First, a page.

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Posts Tagged ‘Sphinx Arms’

Soldier Systems At The Range With KRISS USA

Friday, August 28th, 2015

KRISS USA recently opened a new manufacturing and distribution facility in Chesapeake, near Solider Systems HQ, which gave us the opportunity to try out a few weapons in the Vector and Sphinx line of firearms. After a visit to the facility, KRISS packed up the range guns and we all headed out to C2 Shooting Center to try them out on the steel plate range.


Sphinx Arms is a Swiss pistol manufacturer under the KRISS Group. They offer standard, compact, and subcompact pistols, all chambered for 9x19mm. Sphinx pistols are constructed using steel slides, and two-piece frames which consist of an upper and lower component. The upper components are manufactured from either aluminum or steel, and the lower components can be manufactured from aluminum, steel, or polymer, depending on the model of pistol.


The pistols feed from double stack magazines, with capacities of 17+1 for Standard, 15 + 1 for Compact, and 13 + 1 for Sub-compact models. Additional features shared throughout the various pistol models include ambidextrous decocking levers, reversible magazine catch, a visual/tactile loaded chamber indicator, front and rear slide serrations, and match grade trigger. Most models also support an interchangeable rubberized comfort grip system.


Here you can see a comparison between the standard iron sight, and a model equipped with a fiber optic front sight.

All of the pistols were very smooth firing, accurate, and comfortable to shoot. We favored the compact models the most, as their size made them very comfortable guns to hold, roughly equivalent in size to a Glock 19.


The Vector line of pistols, carbines, and SMGs utilize the KRISS Super V recoil Recoil Reduction System which redirects recoil energy downward, reducing muzzle climb up to 95% and felt recoil up to 60% when compared to traditional weapon designs. At the range, we had the chance to try out the CBR Enhanced, the SDP pistol variant, and the full-auto .45 ACP and upcoming 9mm SMGs.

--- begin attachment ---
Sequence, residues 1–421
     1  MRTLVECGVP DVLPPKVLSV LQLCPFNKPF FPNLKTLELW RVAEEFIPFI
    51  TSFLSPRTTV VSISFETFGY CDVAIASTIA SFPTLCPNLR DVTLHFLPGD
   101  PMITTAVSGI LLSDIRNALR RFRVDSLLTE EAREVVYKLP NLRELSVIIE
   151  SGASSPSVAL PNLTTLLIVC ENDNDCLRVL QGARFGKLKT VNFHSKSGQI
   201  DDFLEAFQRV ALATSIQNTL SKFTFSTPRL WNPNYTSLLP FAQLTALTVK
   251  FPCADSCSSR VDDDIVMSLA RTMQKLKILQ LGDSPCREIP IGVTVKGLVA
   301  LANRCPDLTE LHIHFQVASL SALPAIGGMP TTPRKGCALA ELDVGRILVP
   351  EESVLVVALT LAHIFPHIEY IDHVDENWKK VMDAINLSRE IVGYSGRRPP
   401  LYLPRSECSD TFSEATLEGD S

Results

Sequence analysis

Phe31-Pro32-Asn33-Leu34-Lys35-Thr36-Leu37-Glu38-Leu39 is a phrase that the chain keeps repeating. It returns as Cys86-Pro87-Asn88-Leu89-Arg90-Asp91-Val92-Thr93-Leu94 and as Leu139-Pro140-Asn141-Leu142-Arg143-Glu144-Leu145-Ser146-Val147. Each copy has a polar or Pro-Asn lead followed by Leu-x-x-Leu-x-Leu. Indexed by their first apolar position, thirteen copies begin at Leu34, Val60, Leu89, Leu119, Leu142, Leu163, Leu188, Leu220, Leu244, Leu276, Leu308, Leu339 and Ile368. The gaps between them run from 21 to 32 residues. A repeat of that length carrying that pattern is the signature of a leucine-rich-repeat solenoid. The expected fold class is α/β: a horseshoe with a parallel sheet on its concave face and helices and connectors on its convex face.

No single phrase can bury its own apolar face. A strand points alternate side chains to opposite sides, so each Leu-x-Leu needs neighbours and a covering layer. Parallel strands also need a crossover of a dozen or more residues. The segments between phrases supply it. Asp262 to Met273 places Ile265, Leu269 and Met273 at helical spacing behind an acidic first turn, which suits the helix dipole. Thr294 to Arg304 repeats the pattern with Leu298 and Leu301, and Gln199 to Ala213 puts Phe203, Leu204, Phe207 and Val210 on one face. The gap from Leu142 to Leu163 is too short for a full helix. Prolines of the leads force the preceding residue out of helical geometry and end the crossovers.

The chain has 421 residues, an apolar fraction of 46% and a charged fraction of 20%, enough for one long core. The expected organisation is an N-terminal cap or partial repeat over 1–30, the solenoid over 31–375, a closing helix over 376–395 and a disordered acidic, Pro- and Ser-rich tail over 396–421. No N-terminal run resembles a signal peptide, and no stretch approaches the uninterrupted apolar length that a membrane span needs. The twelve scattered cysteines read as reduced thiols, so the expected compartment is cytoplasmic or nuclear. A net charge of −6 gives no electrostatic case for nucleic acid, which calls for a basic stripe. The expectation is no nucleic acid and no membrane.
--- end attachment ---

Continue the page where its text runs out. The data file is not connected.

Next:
The Vector series consists of an upper and lower frame, which can be separated by removing three assembly pins along the upper frame. This allows the user to quickly swap out lower frames, and will even allow for a quick caliber change between the .45 ACP and 9mm frames, when the later becomes available later this year.


This is the Vector CRB Enhanced. The CRB is the semi-automatic civilian carbine variant of the Vector, chambered for .45 ACP. It comes with an M4 stock adapter, a Magpul UBR stock, and the enhanced square barrel shroud.

The CRB in action. The recoil reductive action coupled with the pistol caliber makes for an easy to handle and accurate weapon.


Here is the SDP, the Vector pistol variant. It features a 5.5″ barrel and a rear QD sling point.

It can either be fired with both hands on the weapon, or with a single hand, although this is best done with a sling to support and stabilize the weapon.


Here’s the Vector SMG in .45 ACP. This particular model was outfitted with the M4 stock adapter, a Magpul UBR stock, a vertical foregrip, and a Defiance HPS 4GSK Cal .45ACP, a suppressor specially designed for the Vector family of weapons. The SMG variants of the Vector feature a selector switch which allows the operator to switch between semi, two-round burst, and full auto.